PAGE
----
> it reaches i (formerly the number of newlines plus 1)

> i must have become tired and missed something because the logic must
> be wrong, since it compiles without warnings.
> --


--



Fri, 18 Feb 2005 11:41:18 GMT  
 fgets reading a configuration file: compiles OK but output wrong

Quote:

>if i change the fgets statement to
>fgets(hostname, 32, host)

You have

fgets(hostname, sizeof(host), host)

in your program.  The sizeof should be hostname, not host.  You have this
error throughout the program -- you're specifying the size of the FILE*
pointer, instead of the size of the buffer that's being filled in.

--

Genuity, Woburn, MA
*** DON'T SEND TECHNICAL QUESTIONS DIRECTLY TO ME, post them to newsgroups.
Please DON'T copy followups to me -- I'll assume it wasn't posted to the group.
--



Fri, 18 Feb 2005 11:41:46 GMT  
 fgets reading a configuration file: compiles OK but output wrong

in comp.lang.c.moderated:

You need:

#include <stdio.h>

....here.

I haven't analyzed your code extensively, but I have found at least
one glaring error...

Quote:
> int main (int argc, char **argv)
> {

>   int      i ;
>   int   j ;
>   int  status;
>   FILE *f1 ;
>      FILE  *host ;
>      FILE  *svcs ;
>   char c;
>   char hostname[64];
>   char svcsar[32][32];

>   f1       =               (fopen("/tmp/ath.tmp", "r+")) ;
>   host     =       (fopen("/usr/local/etc/anth.host", "r")) ;
>   svcs     =       (fopen("/usr/local/etc/anth.svcs", "r")) ;
> /* get hostname from default file *
>  */
> printf ("default hostname:\t");
>      while (fgets(hostname, (sizeof(host)), host)) {

I imagine that you wanted to use "sizeof hostname" rather than "sizeof
host" -- note that none of the silly parentheses are necessary for
either.  sizeof host is the size of a pointer to a FILE structure,
most likely four bytes on common 32 bit platforms these days.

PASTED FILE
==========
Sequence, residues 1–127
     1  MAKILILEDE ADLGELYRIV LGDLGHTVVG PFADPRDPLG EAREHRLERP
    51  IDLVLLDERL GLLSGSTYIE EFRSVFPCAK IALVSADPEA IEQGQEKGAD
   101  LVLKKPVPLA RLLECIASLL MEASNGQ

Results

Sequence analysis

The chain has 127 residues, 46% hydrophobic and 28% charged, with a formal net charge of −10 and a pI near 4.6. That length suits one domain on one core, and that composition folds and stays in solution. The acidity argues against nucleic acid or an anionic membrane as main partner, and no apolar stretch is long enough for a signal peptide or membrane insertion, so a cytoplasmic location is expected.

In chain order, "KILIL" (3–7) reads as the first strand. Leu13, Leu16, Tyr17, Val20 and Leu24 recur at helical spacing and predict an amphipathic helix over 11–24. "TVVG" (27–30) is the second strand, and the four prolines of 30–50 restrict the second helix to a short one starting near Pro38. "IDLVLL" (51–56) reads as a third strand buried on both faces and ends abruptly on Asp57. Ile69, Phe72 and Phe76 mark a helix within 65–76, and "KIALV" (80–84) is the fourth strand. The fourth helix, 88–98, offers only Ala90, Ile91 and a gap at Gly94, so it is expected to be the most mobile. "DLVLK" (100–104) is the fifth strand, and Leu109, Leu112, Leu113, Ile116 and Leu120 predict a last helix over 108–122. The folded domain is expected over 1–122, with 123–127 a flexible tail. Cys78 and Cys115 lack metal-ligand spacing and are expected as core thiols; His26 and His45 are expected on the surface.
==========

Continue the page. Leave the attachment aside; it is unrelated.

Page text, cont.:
Quote:
>               while (*hostname == '#') {
>                    (fgets(hostname, (sizeof(host)), host)) ;  
>               }
>      }
> printf ("%s\n", hostname);

> /* get list of services
>  */
> printf ("default services:\t");

>              i = (i = (countnl(svcs)) + 1) ;
>              for (j=0; j < i ; j++) {
>                    while (fgets(svcsar[j], (sizeof(svcs)), svcs)) {

Same thing here.  Even if you had left out the silly parentheses, and
just written "sizeof svcs", that is still the size of a pointer to
FILE, not the size of the buffer you are depositing the results in.

- Show quoted text -

Quote:
>                            while ( svcsar[j][0] == '#' ) {
>                                    printf ("service[j][0]: %s\n", svcsar[j]);

>                                    (fgets(svcsar[j], (sizeof(svcs)), host)) ;  
>                            }
>                    printf ("service: %s\n", svcsar[j]);
>                    }
>              }
>  /* this section for allowing commndline overrides; unfinished */
>   while (--argc)
>     {
>       switch (StringCase (*++argv, "-h", argv, "-s", argv, NULL))
>    {
>    case 0:
>      printf ("host filename override:\t");
>      while (fgets(hostname, BUFSIZ, host)) {
>               while (hostname[0] == '#') {
>                    (fgets(hostname, BUFSIZ, host)) ;
>               }
>      }
>    }
>     }
> }/*end main */

> what i want the program to do is read 2 configuration files and print
> their contents without the comments

> the first char array is the hostname
> i want to read it from:

> $ cat /usr/local/etc/anth.host
> # anth.host
> # list hostname here
> zvc.co17.mydomain

> the second is an array of pointers to character arrays
> i want to loop through the index of the array and write the contents
> of

> # anth.svcs
> # list services here
> sshd
> named
> sendmail
> smbd
> dhcpd
> httpd
> xinetd
> crond

> what is happening right now
> the program runs to the point where it enters the while loop and then
> exits.  i put printfs inside the while loop and they print nothing.